For me one of the most memorable scenes from Matthew Vaughn’s 2010 ultra-violent graphic novel adaption, Kick Ass, was the scene where Nick Cage shoots his little girl in the chest.
When Jeff Wadlow’s 2013 ultra-violent graphic novel adaption sequel, Kick Ass 2, starts with a very similar scene, I was torn between thinking ‘Uh oh, it’s already started relying on positives from the first film’ and ‘Oh look, what I nice parallel that shows the off screen evolution and relationship between the two main characters.’
Now, a quick disclaimer; I haven’t read the source material for either of these films and so didn’t know exactly what to expect story line wise. So when the rest of the film took any negative assumptions from that first scene, wrapped them in a firm headlock and decapitated them while feeding a phallic pork based snack to a masked dog, I was pleasantly surprised.
As with the last outing, the film follows Aaron Taylor-Johnson’s Dave Lizewski who, after blowing up Chris D’Amico’s (Christopher Mintz-Plasse) drug boss dad with a bazooka, has hung up his wet-suit based costume for good. But as he grows bored with the everyday grind of civilian life Dave seeks out Chloë Grace Moretz’s Hit-Girl who, as well as keeping up family business of violent justice, has been thrown into the somewhat more harrowing arena that is high school.
The character Kick-Ass still suffers from his main weakness; large groups knocking him down and kicking the seven bales out of him, and Hit-Girl’s tiny frame is thrown around so much near the end you wonder why she doesn’t also have metal plates and damaged nerve endings.
That being said Kick Ass 2 does a great job after the establishing act of humanising Hit-Girl. Without saying too much it really brings a sense of realism to the flawless killing machine that we’re introduced to in the first film. As well as still (excuse the pun) kicking all kinds of ass, showcasing both the pros and the cons of being a tiny deadly crime fighter, Moretz character is really believable.
Johnson’s character quickly gets into fighting shape again with the aid of Hit-Girl’s expertise, much to the delight of his admirers, both on and off screen. I would say it was a little too swift but the film can be forgiven because I didn’t catch a specific unrealistic time span for him to learn all this, also his motives are really grounded this time round, there’s less whimsy to it all.
Standing at only 1 hour 43, which is damn short for a summer hit nowadays, the plot is much better paced than its predecessor, a metric butt-tonne happens with almost everything shaping our main characters really effectively. The characterisation in this film really is top notch, however some of the side characters seem a little 2D and some returning characters are brushed aside almost instantly, but that’s for the betterment of the film as a whole. You do really care for the core characters, especially by the end when there’s a real sense of community which is quite touching among all of the death.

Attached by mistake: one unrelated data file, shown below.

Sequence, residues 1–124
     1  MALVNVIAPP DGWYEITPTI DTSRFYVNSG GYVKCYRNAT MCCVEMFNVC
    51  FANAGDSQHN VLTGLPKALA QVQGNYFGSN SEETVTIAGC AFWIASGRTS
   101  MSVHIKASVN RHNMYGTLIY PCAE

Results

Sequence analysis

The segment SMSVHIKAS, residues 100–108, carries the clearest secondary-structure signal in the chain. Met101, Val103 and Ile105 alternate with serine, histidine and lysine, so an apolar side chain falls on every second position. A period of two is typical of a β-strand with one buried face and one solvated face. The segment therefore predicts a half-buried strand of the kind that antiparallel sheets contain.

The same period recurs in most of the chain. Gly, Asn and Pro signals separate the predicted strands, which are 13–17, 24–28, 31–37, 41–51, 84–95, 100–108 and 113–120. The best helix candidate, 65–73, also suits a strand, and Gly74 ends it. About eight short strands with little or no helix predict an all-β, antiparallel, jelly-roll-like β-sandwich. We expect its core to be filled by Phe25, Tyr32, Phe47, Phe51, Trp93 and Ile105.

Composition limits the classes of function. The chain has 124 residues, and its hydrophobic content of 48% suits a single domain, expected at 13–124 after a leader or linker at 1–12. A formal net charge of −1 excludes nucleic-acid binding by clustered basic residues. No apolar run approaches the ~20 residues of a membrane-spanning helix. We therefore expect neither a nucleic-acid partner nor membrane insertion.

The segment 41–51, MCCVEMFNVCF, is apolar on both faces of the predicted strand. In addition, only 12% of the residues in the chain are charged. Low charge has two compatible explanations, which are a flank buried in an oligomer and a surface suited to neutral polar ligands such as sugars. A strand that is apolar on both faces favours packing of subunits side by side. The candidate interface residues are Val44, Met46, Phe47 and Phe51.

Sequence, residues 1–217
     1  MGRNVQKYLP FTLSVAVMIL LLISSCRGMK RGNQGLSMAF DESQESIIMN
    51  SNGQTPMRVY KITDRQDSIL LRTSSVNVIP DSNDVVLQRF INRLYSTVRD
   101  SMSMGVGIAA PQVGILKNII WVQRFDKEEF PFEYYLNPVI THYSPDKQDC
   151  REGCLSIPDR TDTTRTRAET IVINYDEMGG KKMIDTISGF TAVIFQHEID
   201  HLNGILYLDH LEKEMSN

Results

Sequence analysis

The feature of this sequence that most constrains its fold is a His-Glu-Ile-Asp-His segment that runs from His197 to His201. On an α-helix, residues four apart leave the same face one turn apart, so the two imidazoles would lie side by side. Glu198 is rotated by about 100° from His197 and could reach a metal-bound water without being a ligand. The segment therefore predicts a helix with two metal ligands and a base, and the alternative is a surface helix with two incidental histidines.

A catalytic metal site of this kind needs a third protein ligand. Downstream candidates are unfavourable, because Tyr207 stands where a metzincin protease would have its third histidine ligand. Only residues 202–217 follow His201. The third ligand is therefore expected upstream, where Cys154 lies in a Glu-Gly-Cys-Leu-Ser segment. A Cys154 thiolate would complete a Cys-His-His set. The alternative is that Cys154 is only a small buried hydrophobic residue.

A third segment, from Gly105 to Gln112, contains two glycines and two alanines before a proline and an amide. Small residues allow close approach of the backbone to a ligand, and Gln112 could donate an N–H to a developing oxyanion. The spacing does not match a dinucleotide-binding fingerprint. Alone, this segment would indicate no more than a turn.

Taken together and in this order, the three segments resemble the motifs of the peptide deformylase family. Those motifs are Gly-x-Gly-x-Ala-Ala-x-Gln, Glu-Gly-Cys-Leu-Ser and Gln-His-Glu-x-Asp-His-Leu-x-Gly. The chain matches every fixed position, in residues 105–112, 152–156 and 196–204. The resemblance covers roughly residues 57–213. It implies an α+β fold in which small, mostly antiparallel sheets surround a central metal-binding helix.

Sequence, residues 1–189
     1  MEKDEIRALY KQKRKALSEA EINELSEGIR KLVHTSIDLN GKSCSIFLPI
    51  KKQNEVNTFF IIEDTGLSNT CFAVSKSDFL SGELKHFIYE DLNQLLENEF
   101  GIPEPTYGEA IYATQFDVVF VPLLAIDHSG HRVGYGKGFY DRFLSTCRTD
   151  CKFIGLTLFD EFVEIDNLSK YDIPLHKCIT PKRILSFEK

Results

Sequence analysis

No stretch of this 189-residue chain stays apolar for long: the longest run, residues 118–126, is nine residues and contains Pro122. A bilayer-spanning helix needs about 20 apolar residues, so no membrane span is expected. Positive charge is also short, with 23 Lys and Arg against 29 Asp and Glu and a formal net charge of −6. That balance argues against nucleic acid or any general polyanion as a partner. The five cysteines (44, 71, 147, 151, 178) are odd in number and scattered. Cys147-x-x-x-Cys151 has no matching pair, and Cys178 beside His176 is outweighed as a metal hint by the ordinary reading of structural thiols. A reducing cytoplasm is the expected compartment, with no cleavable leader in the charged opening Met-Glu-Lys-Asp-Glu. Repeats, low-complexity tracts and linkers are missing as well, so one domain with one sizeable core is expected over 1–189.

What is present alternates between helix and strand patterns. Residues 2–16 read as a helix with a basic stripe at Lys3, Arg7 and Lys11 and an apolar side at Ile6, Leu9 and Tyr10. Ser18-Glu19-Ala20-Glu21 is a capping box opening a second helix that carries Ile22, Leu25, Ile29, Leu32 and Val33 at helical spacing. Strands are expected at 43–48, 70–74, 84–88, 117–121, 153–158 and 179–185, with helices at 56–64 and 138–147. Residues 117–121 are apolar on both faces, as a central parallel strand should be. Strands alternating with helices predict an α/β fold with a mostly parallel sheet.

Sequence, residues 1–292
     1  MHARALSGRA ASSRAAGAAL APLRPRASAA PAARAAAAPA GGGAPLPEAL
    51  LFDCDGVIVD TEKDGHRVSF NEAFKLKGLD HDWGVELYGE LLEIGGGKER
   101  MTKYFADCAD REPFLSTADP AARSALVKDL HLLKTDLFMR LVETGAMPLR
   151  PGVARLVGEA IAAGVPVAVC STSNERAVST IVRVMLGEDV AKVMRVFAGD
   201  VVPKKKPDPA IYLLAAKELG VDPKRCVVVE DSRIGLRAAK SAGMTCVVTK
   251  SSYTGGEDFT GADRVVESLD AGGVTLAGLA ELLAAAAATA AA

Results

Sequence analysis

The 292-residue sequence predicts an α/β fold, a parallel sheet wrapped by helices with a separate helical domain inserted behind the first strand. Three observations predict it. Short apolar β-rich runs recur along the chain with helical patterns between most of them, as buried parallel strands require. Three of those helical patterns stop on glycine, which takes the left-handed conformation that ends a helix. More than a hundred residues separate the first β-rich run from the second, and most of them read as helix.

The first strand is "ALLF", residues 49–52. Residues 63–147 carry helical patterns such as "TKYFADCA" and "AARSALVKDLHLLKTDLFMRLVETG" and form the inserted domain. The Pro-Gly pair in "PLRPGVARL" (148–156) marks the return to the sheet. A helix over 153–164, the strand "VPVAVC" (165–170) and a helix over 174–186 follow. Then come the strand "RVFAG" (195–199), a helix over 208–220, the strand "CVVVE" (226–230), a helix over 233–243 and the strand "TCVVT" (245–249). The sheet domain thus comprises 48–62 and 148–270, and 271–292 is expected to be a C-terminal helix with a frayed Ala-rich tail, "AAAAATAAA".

The plot itself has enough turns in it that you should never feel 100% confident in what comes next, there was a scene with the main antagonist which I thought would have different repercussions, and I was a little disappointed at the lack of physical payoff, but a film shouldn’t be chastised for my own preconceptions. Best of all it doesn’t treat its audience like idiots. Any exposition is done subtly and without too much heavy weight in its combat boots.
The action scenes, as can be expected, were excellent. The superhero’s weapons were varied enough that the fights were kept fresh and exciting. The dynamic camera angles are back and the tongue in cheek ultra violence makes a full return too.
The heroes and villains themselves are varied in motive, character and best of all costumes, which are creative, funny and incredibly cool. That and the naming process of the ‘Evil league of Evil’ seen in the trailer is still brilliant.
Score wise I do miss the absolute over the top change in tone during the fight scenes, but the iconic shift in atmosphere is still present. It’s just done with a bit more finesse, there’s less knocking you around the head with jaunty tunes and more subtlety to it all. There’s a bit during one of Mother Russia’s many fantastic scenes that should have the geeks grinning to themselves.
In all I can’t really fault Kick Ass 2, and I don’t want to. It’s a great fun film; with likeable, believable characters, fantastic action scenes and some hilarious dialogue. It surpasses its predecessor by being that little bit more subtle, concise and filled to the brim with fun. It’s pacing is just right and while you’ll probably want more, you should be more than satisfied with the finale.